Just desserts: An exciting new approach to skills training and employment

Published: 11 December 2019

A street in Palestine; large blocks of letters spelling out We Are Ramallah are on a pedestal behind the pavement.
Just around the corner from Yasser Arafat Square in central Ramallah, you’ll find Rukab’s.

The speciality there is ice cream, but its claim to fame is the use of gum arabic in the recipe. It gives the ice cream some stretch and a chewy texture. Pistachio is this author’s favourite flavour.

The last time I was in Ramallah was July 2018. I wasn’t able to pay Rukab’s a visit. I was busy leading an investor due diligence trip and never got the chance to take an evening stroll.

16 months is a long time to wait to taste it again. But my reunion was worth the wait. In early November, I was again making my way to Ramallah, but not just to enjoy local culinary treats. I was going to celebrate the launch of a project we’ve been designing since early 2017.

That year was an intensive period of technical design and stakeholder capacity building. We were designing a development impact bond (DIB) to improve transitions from skills training to employment for young people in the West Bank and Gaza. It meant working alongside civil servants at the Palestinian Ministry of Finance, DAI colleagues (who are implementing the World Bank’s Finance for Jobs Project, of which the DIB is one component), and service providers who would be delivering the intervention.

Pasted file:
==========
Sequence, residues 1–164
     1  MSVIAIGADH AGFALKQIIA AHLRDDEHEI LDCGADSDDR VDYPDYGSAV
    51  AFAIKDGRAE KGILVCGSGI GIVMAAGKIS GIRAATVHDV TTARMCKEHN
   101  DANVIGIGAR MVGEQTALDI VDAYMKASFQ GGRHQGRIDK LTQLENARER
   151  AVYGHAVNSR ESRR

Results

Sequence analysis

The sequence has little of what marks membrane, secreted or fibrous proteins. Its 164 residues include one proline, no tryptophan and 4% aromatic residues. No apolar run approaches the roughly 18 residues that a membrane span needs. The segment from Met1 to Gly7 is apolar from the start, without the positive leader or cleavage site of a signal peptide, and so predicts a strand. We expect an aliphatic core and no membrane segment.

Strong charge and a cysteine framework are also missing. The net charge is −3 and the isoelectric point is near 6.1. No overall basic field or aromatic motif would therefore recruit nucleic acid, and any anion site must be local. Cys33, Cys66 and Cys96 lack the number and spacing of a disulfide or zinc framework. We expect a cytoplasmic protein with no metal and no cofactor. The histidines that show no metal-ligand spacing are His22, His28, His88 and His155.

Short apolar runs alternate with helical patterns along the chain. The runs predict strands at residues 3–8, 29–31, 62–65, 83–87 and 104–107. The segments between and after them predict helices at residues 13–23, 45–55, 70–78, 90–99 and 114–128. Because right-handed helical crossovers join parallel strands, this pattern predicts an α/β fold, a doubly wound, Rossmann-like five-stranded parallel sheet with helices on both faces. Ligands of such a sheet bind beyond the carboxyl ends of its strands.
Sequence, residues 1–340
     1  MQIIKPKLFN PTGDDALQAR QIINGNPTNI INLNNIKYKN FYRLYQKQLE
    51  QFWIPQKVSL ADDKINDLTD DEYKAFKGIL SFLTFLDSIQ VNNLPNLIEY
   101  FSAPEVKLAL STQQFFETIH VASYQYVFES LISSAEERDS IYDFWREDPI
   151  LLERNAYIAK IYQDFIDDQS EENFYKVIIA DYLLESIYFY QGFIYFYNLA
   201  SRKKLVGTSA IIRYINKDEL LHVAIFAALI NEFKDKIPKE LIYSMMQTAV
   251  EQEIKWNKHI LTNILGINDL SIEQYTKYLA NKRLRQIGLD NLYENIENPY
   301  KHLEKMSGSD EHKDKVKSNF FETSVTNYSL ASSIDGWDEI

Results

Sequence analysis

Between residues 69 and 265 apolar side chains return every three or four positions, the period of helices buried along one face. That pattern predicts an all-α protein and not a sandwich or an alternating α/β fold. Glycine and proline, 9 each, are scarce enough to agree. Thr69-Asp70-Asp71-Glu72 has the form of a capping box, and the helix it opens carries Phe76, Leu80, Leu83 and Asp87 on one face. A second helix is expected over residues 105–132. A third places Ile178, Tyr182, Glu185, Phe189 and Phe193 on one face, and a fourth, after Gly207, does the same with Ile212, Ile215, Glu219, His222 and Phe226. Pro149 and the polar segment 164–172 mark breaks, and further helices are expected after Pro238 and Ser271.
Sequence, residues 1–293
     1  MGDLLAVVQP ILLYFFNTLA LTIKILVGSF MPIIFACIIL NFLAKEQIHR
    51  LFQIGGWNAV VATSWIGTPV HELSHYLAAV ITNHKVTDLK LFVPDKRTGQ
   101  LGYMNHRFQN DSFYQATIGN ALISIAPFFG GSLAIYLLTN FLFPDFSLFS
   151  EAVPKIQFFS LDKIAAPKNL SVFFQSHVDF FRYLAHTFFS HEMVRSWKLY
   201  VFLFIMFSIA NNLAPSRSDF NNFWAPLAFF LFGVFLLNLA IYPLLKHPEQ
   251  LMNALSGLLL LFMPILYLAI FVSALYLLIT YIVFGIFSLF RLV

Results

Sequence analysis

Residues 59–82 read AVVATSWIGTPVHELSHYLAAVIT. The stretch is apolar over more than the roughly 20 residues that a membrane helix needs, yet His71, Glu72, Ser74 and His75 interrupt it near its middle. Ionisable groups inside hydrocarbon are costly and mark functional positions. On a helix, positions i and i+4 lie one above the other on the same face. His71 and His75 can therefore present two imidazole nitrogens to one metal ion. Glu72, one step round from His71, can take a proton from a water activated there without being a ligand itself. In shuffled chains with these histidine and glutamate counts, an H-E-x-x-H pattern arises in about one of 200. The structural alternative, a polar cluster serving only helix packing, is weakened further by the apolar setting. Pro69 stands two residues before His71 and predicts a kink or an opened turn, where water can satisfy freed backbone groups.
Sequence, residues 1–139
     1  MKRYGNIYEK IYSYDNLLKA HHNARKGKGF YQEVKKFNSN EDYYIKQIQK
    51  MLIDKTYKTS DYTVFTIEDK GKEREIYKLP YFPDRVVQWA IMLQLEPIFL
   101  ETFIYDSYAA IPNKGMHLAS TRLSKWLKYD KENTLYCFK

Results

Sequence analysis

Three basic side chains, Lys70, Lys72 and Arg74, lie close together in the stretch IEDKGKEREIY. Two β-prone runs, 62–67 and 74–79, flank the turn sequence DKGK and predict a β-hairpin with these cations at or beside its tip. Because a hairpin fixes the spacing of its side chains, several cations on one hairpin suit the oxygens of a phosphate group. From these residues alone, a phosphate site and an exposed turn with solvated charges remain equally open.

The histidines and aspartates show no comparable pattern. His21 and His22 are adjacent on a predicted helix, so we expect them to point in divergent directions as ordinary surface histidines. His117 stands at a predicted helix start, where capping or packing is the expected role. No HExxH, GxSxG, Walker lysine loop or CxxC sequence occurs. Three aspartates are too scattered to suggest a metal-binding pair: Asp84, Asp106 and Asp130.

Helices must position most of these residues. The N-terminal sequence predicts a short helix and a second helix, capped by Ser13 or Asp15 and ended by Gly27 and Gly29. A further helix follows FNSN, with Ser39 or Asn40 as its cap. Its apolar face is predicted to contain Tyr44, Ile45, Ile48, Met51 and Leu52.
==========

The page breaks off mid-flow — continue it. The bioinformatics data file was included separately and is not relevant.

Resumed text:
By early 2018, we had begun working with potential investors and facilitated their due diligence processes over the summer. By late autumn, we had secured formal approvals for $1.8 million of outcomes-based investment.

We took some time to celebrate this achievement, knowing that we had more work ahead of us to finalise contracts.

Contractual negotiations took a bit longer than expected, but were successfully completed, and on 5th November, we officially launched the DIB at the Carmel Hotel in Ramallah.

It was great to see so many familiar faces again, and it was indeed a proud moment to see that our collective efforts had brought so many people together to improve employment outcomes for Palestinian youth.

I did get the chance to drop by Rukab’s again before returning to the UK, and stood outside on the pavement, taking in the scene as the workday wound down in Ramallah. It was the end of my 7th trip to the city in just over two years, and I was happy that the project we’d worked so hard on designing was going to start delivering real impact over the coming years.

My Social Finance colleagues and I will be supporting the DIB management team to get the project started in the coming months, and we’ll have a front row seat during implementation. This project will bring together consortia of employers and training providers that adaptively design and implement training tailored to the needs of employers. Investor returns are only generated if sustained employment targets are met. By tying financing to longer-term outcomes, the programme seeks to shift attention away from the delivery training outputs and toward the design of clear pathways to sustainable employment. 

This project will generate valuable learnings applicable in other markets where better incentive alignment could help address the youth unemployment challenge.

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